WSI Logistics Succeeds at Emergency Response in Allentown - Oct 2018

Among the services offered at WSI’s facility in Allentown, Pennsylvania, employees move a range of potentially hazardous chemicals in support of bulk chemical transfer and chemical handling operations for clients. At WSI, employee safety comes before all else, and there are a range of processes in place to make sure that leaks and spills are handled quickly and efficiently to minimize risks to personnel.

The spill response plan was recently tested at Allentown to give employees practical experience at cleaning up hazardous material. Spill drills are conducted annually at each WSI site that stores and handles chemicals.

 “The main purpose of the drill is to not only test each employee’s knowledge, but also to test our response plan,” says Scott Buber, director of operations for WSI. “Each employee plays a vital role in the plan—whether they are a first responder or simply evacuating the building and heading towards the rally point. Our plan was created to ensure we keep our employees, contractors, and environment safe; as well as to mitigate the identified hazards in or around our facility.”

The Spill Drill

The drill was unannounced and occurred just after the Allentown team completed a week’s worth of mandatory chemical training. While employees may suspect a drill is coming, they are not aware of the exact time or nature of the event. In preparation, they go through regular training, including an eight-hour Hazardous Waste Operations and Emergency Response (HAZWOPER) course.

 For this year’s drill, managers used a mixture of household chemicals to simulate a hazardous chemical spill, and the staff sprang into action. When the facility’s alarm went off, manager trainee Owen Stauber gathered his team and instructed them to don their personal protective equipment (PPE), which includes chemical-resistant Tyvek suits, gloves, and respirators. Once the staff was ready to safely address the spill, they took the following action:

  • Two employees, employing the buddy system, entered the chemical release zone and reported the situation via radio to Owen—who was now the designated Incident Commander.
  • The simulated product was a chemical called Startex Fix DS 100. Owen pulled the product SDS, using the steps within to properly guide his team through proper clean-up for this specific chemical.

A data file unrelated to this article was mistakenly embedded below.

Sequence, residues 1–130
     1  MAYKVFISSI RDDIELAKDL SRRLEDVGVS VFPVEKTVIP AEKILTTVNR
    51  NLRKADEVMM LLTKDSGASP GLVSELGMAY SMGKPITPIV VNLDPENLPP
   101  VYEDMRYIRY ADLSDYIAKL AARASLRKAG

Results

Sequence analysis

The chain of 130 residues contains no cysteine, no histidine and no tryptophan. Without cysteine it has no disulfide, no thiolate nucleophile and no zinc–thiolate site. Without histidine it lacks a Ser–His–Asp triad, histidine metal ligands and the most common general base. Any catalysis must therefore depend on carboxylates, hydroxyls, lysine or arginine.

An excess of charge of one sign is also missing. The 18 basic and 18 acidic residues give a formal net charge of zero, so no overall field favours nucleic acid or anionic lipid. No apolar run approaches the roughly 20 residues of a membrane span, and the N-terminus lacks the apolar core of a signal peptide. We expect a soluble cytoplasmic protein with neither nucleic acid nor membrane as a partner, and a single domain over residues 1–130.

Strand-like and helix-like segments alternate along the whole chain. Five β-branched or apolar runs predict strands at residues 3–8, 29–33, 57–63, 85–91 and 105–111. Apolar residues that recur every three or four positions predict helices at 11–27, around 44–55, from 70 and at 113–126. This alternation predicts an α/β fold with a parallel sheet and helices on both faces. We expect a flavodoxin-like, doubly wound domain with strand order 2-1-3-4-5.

• Using the spill response kit, salvage drum, and appropriate PPE to isolate the spill – a drum that appeared to have tipped from a bottom rack, and a pool of liquid on the warehouse floor of the general storage area.
  • The first responders laid out absorbent socks around the puddle to ensure it did not spread any further. Following the SDS, Owen told the responders that the product did not require neutralization, at which point the team covered the spill in absorbent material.
  • The chemical-soaked material was transferred to a recovery drum and moved into a safe disposal area, at which point the All Clear alarm was sounded.

 After-Action Review

The Allentown staff was able to successfully clean up the spill, while also gaining practical experience beyond their standard classroom training. During the After-Action Review, employees made the following recommendations to make clean-up even more efficient in the future:

  •  Communication. Keep response team radios on a separate channel from the general warehouse. Team must speak clearly and concisely to drive efficiency.
  • Attentiveness. Response team must keep an eye on each other’s PPE. One Tyvek suit tore during the operation, and the team also recommended keeping gloves tucked under Tyvek sleeves – possibly with duct tape – to increase safety.
  • Personal Protective Equipment. The team recommended having PPE prepared in advance—sorted by proper size for and stored in an easily accessible place for each employee to improve overall reaction speed.
  • Leadership. Besides the Incident Commander, the team also recommended designating a secondary leader within the spill zone to assign tasks and maintain organization at the spill site.

 Safety First

Unannounced drills like the one at Allentown help our staff gain practical insight into emergency response, and the recommendations offered by those involved help us to continually improve our processes and procedures.

 Offering a quick and safe response to chemical spills is part of WSI Logistics’ larger commitment to employee safety and environmental stewardship. We’re proud of our Allentown staff for successful completion of another annual drill, and we remain confident that they can handle a real emergency with professionalism and distinction.